EMS E5 – This edition includes device management and AAD P2.

Microsoft 365 pricing
Image credit: Microsoft

Device Management

AAD sounds a lot like AD, but it doesn’t perform the same role; for example, it won’t manage your devices. Microsoft established its Intune product lineup to manage Android/Chrome, Apple, Linux, and Windows endpoints. It uses AAD to manage identities, Configuration Manager (formerly SCCM), in addition to Windows Defender for security and Autopilot for onboarding Windows devices. Intune may be bundled with M365, depending upon your subscription level. However, Intune is not included with AAD P1 or P2, and that omission will increase your monthly costs per user.

compared pricing
availability of Basic Mobility and Security and Intune

Intune includes enterprise-grade features and can be a useful tool for compliance and managing non-Windows devices for organizations that have many remote workers. However, it also has documented downsides. SMEs that are accustomed to AD may be unfamiliar with its quirks:

  • Unpredictable time spent importing the provisioning of devices, assigning profiles, and deploying apps.
  • Simple mistakes can cause actions to fail, such as a Registry key requirement rule filtering out devices.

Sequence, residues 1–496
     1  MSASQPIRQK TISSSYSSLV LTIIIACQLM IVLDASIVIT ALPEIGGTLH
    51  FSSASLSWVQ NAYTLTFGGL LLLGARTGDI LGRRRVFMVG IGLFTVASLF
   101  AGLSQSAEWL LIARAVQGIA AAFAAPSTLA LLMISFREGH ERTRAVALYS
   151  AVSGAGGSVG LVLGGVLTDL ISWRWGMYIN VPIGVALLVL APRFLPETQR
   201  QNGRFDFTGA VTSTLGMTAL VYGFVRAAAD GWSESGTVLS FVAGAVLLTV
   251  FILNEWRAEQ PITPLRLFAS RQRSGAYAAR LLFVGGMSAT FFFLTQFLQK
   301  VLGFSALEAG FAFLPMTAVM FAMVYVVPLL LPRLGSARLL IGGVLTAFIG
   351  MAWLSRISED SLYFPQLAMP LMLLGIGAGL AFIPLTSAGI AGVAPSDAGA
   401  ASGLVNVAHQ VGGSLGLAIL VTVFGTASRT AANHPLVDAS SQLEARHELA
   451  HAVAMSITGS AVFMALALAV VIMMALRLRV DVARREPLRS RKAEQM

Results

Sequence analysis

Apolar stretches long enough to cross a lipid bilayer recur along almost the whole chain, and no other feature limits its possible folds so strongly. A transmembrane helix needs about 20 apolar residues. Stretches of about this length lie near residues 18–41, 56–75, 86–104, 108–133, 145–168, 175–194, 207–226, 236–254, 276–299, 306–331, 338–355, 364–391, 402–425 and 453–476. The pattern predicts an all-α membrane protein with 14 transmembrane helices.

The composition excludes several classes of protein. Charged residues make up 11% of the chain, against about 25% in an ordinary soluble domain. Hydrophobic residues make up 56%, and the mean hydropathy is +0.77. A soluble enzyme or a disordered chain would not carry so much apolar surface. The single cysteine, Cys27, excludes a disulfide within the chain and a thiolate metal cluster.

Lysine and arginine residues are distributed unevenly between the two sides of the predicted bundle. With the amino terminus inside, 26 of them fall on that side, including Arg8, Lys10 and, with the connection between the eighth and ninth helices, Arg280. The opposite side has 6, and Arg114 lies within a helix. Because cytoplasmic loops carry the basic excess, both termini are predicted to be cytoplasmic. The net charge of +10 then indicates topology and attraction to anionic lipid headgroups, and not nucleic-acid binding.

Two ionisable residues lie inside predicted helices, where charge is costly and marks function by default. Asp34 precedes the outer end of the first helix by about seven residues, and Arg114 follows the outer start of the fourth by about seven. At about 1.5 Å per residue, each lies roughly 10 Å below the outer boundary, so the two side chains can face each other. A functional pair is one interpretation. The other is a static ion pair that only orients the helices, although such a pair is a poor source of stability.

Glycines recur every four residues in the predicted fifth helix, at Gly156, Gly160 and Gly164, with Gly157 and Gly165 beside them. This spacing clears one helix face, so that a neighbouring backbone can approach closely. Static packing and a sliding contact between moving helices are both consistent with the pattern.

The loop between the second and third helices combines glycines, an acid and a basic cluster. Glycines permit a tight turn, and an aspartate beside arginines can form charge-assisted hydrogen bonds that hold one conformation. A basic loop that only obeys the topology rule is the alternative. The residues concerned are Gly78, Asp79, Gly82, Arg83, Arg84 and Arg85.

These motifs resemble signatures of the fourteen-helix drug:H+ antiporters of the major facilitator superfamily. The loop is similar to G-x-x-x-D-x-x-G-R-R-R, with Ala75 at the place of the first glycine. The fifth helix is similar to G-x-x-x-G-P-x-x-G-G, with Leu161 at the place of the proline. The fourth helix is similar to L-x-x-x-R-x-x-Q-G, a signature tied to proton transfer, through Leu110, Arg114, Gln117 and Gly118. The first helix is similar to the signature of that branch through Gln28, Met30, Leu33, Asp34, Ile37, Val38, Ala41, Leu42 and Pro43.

• Problems with assigning available licenses to new users.
  • Configuration changes taking a long time to go into effect.
  • Debugging events and sync logs requiring additional third-party tooling.
  • Loss of internet connectivity causing Windows Autopilot to fail.

The cost of learning, implementing, and supporting Intune is another TCO consideration.

Azure Active Directory Domain Services

Intune is not the only option for Microsoft shops. Azure Active Directory Domain Services (Azure AD DS) is billed as a domain controller-as-a-service for virtual machines and legacy applications. It’s charged for the hour, and the price is based on the number of directory objects.

Per Microsoft, “Azure AD DS provides a managed domain for your users, applications, and services to consume. This approach changes some of the available management tasks you can do, and what privileges you have within the managed domain.”

Azure AD DS differs from on-prem AD in a number of ways, including its lack of domain or enterprise administrator privileges. You also cannot add on-prem domain controllers to the managed domain.